Board Unanimously Approves Conditional Lease For Raiders’ Las Vegas Stadium
The public board that oversees the stadium in Las Vegas where the NFL’s Raiders plan to begin playing in 2020 unanimously approved on Thursday a conditional lease agreement for the venue.
Las Veags Stadium Authority board Approves Raiders’ lease for venue
The Las Vegas Stadium Authority board’s decision to ok the $1.9-billion, 65,000-seat arena’s lease is the last major hurdle the Raiders must jump in order to finalized their relocation to the city from Oakland. Now, NFL owners must also approve the lease at the league’s annual spring meetings, which will be held May 22-24 in Chicago.
The lease agreement is conditional because it stipulates certain requirements the Raiders must meet with regards to the stadium’s treatment: insurance, repairs, maintenance, naming rights and a rent-free provision, among other things.
Raiders president Marc Badain recently stated that if the board hadn’t approved the lease by Thursday, the new stadium — which will be built near the Las Vegas Strip, west of the Mandalay Bay casino-resort — likely wouldn’t have opened until 2021, a year after the team was originally scheduled to start playing there.
“In order to approve a lease, you need full membership, and the league has four meetings a year: one in March, one in May, one in October and one in December,” Badain. “So, if you miss the May deadline, you push to October, we would lose a year, and everybody wants to get this project going, everybody wants to get these guys to work. So we didn’t want to miss that deadline.”
Coincidentally, the board’s decision comes on the same day it was announced that the Los Angeles Rams and Chargers’ new stadium in Inglewood, California would be delayed one year (until 2020) due to heavy rainfall.
“We got to the finish line in time, but we didn’t start real well, and obviously, that kind of set off some events,” LVSA chairman Steve Hill said follwing the board’s meeting. “We lost six weeks in the process, but we made up for it, the Raiders made up for it, and we are here today where we need to be.”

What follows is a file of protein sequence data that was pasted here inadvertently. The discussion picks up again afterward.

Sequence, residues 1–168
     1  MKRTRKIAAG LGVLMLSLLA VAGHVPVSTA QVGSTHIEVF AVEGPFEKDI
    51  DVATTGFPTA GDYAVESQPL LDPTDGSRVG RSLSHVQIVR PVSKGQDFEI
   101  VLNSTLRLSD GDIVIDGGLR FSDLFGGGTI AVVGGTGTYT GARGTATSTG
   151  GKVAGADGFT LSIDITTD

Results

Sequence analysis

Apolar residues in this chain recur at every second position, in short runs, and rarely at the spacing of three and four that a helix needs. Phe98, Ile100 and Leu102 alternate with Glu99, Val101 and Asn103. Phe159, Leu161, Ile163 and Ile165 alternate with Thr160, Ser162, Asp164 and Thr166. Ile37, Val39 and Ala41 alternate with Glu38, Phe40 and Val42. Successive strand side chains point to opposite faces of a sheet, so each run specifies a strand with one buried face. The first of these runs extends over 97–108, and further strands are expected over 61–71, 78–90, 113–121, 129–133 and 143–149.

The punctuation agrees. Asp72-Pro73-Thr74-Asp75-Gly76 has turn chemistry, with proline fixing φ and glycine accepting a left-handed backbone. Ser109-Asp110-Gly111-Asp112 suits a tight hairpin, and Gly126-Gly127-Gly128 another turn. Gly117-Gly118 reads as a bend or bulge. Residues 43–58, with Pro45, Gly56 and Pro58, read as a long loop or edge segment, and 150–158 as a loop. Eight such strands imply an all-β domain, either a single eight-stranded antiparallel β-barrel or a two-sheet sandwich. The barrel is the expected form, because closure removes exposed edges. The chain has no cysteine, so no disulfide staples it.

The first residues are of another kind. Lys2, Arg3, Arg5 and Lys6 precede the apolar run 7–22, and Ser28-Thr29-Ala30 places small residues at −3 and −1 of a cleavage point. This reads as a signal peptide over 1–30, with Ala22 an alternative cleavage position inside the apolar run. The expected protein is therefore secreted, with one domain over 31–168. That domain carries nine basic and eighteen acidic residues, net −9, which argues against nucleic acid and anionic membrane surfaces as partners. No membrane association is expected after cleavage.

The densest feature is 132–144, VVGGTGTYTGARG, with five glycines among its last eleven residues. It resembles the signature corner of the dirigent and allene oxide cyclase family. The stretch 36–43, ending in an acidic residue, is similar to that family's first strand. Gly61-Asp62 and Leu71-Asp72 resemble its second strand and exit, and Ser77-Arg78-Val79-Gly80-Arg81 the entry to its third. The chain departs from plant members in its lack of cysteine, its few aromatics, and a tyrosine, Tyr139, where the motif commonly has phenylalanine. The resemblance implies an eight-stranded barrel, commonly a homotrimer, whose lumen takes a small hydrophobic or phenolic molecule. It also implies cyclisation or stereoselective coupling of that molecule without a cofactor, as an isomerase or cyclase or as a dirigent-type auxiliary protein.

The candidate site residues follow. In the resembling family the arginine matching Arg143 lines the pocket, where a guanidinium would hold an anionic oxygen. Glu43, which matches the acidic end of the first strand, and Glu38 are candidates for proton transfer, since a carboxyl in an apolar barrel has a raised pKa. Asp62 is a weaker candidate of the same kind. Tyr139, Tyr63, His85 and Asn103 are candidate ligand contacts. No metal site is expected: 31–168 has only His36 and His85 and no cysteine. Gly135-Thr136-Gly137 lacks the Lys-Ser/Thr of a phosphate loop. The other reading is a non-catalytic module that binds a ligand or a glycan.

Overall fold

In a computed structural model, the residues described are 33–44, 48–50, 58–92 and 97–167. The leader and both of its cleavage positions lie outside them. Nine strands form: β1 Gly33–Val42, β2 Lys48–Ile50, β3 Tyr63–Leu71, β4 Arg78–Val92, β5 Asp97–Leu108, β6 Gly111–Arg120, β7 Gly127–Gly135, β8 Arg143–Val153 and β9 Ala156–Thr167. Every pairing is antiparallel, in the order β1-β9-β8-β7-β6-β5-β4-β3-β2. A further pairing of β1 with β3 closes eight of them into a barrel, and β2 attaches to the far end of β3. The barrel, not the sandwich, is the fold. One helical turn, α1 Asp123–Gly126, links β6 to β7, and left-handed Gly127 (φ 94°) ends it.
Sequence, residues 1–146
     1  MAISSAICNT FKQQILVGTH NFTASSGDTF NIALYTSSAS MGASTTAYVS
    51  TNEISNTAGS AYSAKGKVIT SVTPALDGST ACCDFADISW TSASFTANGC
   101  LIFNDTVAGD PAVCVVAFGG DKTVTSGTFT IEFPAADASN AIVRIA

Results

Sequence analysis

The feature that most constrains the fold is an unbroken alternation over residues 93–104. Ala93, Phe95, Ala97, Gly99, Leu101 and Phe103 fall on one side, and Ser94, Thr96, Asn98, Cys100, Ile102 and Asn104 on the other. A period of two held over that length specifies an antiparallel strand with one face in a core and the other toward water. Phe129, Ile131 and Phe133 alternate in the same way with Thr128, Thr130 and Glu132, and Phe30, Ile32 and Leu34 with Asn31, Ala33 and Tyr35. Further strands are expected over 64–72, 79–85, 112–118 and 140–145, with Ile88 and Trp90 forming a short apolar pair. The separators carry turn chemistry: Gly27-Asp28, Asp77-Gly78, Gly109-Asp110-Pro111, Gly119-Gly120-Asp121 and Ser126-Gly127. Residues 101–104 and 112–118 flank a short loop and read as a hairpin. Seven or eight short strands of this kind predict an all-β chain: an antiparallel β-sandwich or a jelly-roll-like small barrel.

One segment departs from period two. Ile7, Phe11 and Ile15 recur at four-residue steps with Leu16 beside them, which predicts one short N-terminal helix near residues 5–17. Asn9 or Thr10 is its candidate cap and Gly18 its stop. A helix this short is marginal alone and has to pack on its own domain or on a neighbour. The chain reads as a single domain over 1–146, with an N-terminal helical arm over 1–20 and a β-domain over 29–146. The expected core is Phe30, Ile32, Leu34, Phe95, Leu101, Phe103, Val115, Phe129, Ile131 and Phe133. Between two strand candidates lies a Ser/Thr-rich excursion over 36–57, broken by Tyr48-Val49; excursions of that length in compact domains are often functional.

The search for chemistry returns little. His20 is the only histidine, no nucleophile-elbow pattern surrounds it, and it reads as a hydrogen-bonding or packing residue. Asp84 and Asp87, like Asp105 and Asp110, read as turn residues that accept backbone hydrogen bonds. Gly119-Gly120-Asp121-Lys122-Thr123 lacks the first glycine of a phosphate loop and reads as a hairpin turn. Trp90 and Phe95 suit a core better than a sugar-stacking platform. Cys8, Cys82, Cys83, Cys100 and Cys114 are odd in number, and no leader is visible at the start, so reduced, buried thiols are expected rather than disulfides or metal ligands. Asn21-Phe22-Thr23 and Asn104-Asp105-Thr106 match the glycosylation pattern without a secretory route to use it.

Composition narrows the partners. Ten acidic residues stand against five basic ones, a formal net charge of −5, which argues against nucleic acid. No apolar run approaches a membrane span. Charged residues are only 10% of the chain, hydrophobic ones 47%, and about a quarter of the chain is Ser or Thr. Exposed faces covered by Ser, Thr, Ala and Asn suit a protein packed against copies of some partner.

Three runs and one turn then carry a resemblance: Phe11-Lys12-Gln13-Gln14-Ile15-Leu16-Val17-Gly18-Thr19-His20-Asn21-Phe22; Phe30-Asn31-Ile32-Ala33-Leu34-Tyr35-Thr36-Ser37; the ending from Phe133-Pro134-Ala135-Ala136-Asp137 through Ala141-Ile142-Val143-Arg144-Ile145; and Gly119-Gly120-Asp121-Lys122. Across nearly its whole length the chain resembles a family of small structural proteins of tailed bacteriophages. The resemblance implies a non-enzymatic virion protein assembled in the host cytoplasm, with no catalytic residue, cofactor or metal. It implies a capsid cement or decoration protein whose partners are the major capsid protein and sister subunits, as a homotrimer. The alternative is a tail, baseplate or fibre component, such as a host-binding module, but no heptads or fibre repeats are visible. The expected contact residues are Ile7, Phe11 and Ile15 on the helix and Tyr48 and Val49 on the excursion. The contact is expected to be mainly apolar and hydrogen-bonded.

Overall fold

The board fell six weeks behind in their decision after casino magnate Sheldon Adelson withdrew his $650-million commitment to the project just days after the first draft of the lease agreement was released in January. Adelson’s withdrawal thus forced the team to search for the money the billionaire had pledged.
In the end, the team secured a loan from Bank of America. Guests of hotels and other lodging facilities in the Las Vegas area are contributing $750 million via a room tax hike, while the Raiders and the NFL have been expected to contribute $500 million.
The Raiders would not be required to pay rent under the 30-year lease agreement, although it would need to contribute to a fund that would cover capital expenses that arise as the stadium ages.
The agreement also grants the team has the right to name the venue and forbids any type of gambling on the premises.
The board will next handle an agreement that could permit the University of Nevada, Las Vegas to use the stadium.
The Raiders purchased a 62-acre area of land on the South End of Las Vegas for $77.5 million in order to build the new stadium. Here is a look at the site:
A look at the site of the Raiders’ future home in Las Vegas which is slated to open in time for the 2020 season. pic.twitter.com/Te01aAew05
— Arash Markazi (@ArashMarkazi) May 1, 2017
“It’s going to be spectacular,” Badain said after the lease was approved.
LAS VEGAS, NV – MAY 01: A 62-acre site west of the Las Vegas Strip that was purchased by the Oakland Raiders for USD 77.5 million is shown on May 1, 2017 in Las Vegas, Nevada. The team is expected to begin play no later than 2020 in a planned 65,000-seat domed stadium on the site at a cost of about USD 1.9 billion. (Photo by Ethan Miller/Getty Images)
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